In advance of today's FOMC meeting outcome and Chairman Bernanke's press conference, let's take a quick look at a couple of items in the latest Wall Street Journal survey of economists -- this one conducted June 7-11. With the recent controversy over the direction of Treasury yields, a key issue addressed in the survey is where economists expect the 10-year yield to be across six timeframes: mid-year and year end 2013 through 2015.
The survey was sent to 52 economists, 46 of whom responded, and of the 46, some skipped individual survey questions. Here is a table showing the major response statistics: Low, Median (middle), Average (aka Mean), Mode (most frequent) and High.
As we readily see from the table, the responses for mid-year 2013 fit a rather narrow range, with the median and mode about where the yield has been hovering over the past few days.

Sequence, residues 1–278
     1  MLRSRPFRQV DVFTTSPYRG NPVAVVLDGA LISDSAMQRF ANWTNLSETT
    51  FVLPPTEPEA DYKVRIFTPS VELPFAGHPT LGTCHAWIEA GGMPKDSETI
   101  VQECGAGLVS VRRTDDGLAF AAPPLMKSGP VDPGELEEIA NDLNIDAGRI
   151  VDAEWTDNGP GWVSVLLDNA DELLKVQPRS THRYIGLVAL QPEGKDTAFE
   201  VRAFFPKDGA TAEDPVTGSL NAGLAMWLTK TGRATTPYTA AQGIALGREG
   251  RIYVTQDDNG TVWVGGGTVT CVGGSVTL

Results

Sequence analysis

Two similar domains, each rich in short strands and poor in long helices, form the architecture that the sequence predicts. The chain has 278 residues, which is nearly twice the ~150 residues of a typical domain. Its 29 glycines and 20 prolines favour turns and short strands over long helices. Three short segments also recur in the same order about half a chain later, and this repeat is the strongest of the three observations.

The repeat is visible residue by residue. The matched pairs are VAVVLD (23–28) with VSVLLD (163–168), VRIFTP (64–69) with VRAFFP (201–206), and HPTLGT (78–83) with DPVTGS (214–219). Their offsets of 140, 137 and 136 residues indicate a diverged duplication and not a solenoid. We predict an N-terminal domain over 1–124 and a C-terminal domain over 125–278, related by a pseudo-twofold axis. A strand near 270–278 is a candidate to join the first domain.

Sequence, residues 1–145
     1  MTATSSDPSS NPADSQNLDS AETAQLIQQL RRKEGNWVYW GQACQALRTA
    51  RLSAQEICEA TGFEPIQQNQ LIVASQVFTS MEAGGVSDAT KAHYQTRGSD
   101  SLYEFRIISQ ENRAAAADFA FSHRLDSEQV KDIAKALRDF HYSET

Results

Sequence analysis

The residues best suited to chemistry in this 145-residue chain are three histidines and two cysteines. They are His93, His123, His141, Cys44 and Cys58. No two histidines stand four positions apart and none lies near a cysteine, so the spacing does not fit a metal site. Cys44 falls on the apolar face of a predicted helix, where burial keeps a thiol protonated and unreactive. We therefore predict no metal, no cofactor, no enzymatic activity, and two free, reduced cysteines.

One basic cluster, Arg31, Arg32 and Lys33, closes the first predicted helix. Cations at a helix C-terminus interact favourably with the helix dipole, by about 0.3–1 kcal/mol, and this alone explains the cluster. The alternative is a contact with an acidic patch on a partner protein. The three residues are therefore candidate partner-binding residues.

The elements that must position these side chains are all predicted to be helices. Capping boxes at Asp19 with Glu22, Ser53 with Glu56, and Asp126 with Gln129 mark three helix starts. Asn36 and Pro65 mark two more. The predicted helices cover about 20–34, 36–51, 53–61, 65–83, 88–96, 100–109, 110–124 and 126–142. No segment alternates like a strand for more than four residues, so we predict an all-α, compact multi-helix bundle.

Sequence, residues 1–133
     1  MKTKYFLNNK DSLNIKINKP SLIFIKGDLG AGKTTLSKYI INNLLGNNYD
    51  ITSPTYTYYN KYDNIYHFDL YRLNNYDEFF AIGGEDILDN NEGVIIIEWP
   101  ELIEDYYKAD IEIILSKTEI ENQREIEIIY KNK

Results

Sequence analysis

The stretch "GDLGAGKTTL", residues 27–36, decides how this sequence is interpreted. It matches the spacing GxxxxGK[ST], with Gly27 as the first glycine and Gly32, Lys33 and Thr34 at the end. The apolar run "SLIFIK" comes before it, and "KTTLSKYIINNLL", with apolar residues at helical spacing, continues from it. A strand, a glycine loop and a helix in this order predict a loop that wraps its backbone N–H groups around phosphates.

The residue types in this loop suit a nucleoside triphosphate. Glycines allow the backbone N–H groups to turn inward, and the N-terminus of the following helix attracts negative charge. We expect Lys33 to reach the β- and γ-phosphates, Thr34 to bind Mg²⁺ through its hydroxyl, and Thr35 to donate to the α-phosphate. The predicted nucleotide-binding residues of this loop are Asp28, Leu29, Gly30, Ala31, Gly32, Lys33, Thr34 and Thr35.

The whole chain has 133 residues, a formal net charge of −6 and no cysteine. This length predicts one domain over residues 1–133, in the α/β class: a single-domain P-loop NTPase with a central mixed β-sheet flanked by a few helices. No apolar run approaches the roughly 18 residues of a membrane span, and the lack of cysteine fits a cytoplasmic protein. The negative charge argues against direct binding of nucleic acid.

But more interesting is where the economists see 10-year yields at the end of 2015. The spread is substantial, ranging from about where we are today to a high of 5.25%. Note, however, that the median, mean and mode are fall into a narrow range from 3.5% to 3.61%.
Of course, a key driver for yield expectations is what the Fed is doing with the Fed Funds Rate. The current set rate is 0-0.25 percent with the latest effective rate of late hovering around 0.09.
Here's a closer look at the array of opinions for the end of 2015. Note the full percentage point spread between the two modes.
Here is a side-by side showing the high, low and median for the 10-year yield and FFR (Note that I've kept the same vertical 0%-to-6% vertical axis).
Market volatility has increased of late on conflicting signals from FOMC voting members and other Federal Reserve Bank presidents. Will today's news from the FOMC and Bernanke's press conference clear up confusion? Stay tuned!